Be kind to your mail carrier.
The USPS mail carriers have a motto: “Neither snow nor rain nor heat nor gloom of night stays these couriers from the swift completion of their appointed rounds.” Regardless of the weather conditions, they will try to get your mail to you on time. This means walking around your area or driving a vehicle with no air conditioning in hot temperatures or during heavy rains. As a homeowner, the least you can do is be considerate when they do their job.
One thing you can do is make sure they can do their job safely, which means putting a leash on your dog when you know the mail carrier is arriving. While your dog may love you and wouldn’t bite you unless provoked, some dogs are territorial and won’t be as lovable to your mail carrier. In 2013, over 5,000 mail carriers were bitten, with an average of 18 dog bites a day.
While offering them water or a quick refreshment is polite, don’t insist on letting them stay to make conversation – even with the promise of more filling food. While it’s a kind gesture, a 30-minute conversation messes up their timeline and causes them to be late with the mail for the rest of their houses.
Dress Properly When Dealing with a Mail Carrier
While you may be at home, that does not mean you are allowed to greet the mail carrier in what you would be comfortable wearing in the privacy of your own home. You wouldn’t go to a meeting with a banker in your boxer shorts, so why would you treat your mail carrier any less and answer the door half-naked? It’s disrespectful and gives the wrong message that your mail carrier is so insignificant that you don’t care if they feel uncomfortable seeing private parts of your body.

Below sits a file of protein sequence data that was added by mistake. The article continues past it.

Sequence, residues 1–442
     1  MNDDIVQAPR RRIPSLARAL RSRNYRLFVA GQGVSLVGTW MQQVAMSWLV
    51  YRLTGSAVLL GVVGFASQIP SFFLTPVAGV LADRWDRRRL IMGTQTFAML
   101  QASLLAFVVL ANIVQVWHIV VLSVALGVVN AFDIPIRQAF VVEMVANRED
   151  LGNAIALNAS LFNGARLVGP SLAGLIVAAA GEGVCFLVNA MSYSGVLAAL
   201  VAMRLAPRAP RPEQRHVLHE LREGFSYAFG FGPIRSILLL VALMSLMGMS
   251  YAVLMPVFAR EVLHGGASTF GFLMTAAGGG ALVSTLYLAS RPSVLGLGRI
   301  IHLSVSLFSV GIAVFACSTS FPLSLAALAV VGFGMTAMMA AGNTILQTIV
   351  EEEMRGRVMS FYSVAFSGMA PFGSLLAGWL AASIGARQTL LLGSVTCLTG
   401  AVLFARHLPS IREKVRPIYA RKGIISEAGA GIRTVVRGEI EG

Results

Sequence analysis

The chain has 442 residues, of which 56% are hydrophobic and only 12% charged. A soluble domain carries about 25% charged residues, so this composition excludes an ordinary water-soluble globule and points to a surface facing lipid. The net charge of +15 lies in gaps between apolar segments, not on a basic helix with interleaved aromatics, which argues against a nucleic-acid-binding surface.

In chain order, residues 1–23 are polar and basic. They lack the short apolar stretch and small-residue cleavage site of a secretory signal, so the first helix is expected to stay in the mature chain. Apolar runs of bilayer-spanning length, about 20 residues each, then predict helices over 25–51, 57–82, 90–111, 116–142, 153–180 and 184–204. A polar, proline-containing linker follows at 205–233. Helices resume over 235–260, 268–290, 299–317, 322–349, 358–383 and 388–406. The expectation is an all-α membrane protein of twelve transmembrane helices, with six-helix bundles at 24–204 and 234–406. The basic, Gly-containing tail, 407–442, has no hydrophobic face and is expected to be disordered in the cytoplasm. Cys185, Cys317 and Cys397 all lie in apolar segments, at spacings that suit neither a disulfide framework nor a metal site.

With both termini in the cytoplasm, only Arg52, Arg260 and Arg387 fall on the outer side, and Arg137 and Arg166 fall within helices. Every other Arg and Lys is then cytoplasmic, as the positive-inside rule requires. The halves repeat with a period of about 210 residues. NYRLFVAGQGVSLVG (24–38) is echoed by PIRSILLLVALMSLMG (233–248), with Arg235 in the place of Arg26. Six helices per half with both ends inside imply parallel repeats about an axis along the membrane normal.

When you hear your mail carrier at the door and you’re fresh out of the shower or are in your underwear, quickly put on a bathrobe or your clothes. Better yet, ask someone else in your house to receive the mail for you.
How to Deal with Junk Mail (and Why It Benefits Your Mail Carrier)
If you’re tired of receiving junk mail (brochures and ads from companies who target your area or your home as a potential customer), don’t get angry at the mail carrier. As the saying goes: don’t shoot the messenger – literally. It’s their job to deliver junk mail because the USPS were paid to do so. If you want to end the junk mail you’re receiving, you have to personally contact the company that sent you mail and then ask them to stop.
However, if it’s only a minor nuisance to you, let them continue sending junk mail as it actually benefits your mail carrier. While parcels are still a regular feature of the USPS, thanks to technological advancements, though, there has been a significant decline in mail volume. Since it is much easier to go online and contact distant relatives, check out store catalogs, and receive bills, the USPS has lost billions of dollars ever since the decline began in 2006.
But some businesses still insist on using traditional postal mail and pay the USPS to send out first-class mail to a select area. If many homeowners were to request that they stop sending their homes junk mail, businesses would send out less mail, which means they pay less. Since the USPS isn’t funded by tax dollars, a decrease in sales may lead to more layoffs.
Dealing with Mail When Going Out of Town
If you’re going out of town, it’s important to notify your mail carrier. One sure sign that nobody’s home is a mailbox that’s filled with unopened mail – it’s a sign that no one has been around to get the mail for a long time. Talking to your mail carrier ensures that they can either put your mail on hold, send your mail to a trusted neighbor, or arrange your mail so that it won’t be easily spotted by potential burglars or trespassers looking for signs that you aren’t home.
While you may only have to interact with your mail carrier from time to time, it’s important to be polite and show some respect to them if you want a good homeowner and mail carrier relationship. Expect that any delay on your usual mail time isn’t intentional, and when it comes to saying a quick hello when they drop by, a little kindness can go a long way in the years to come living in your home.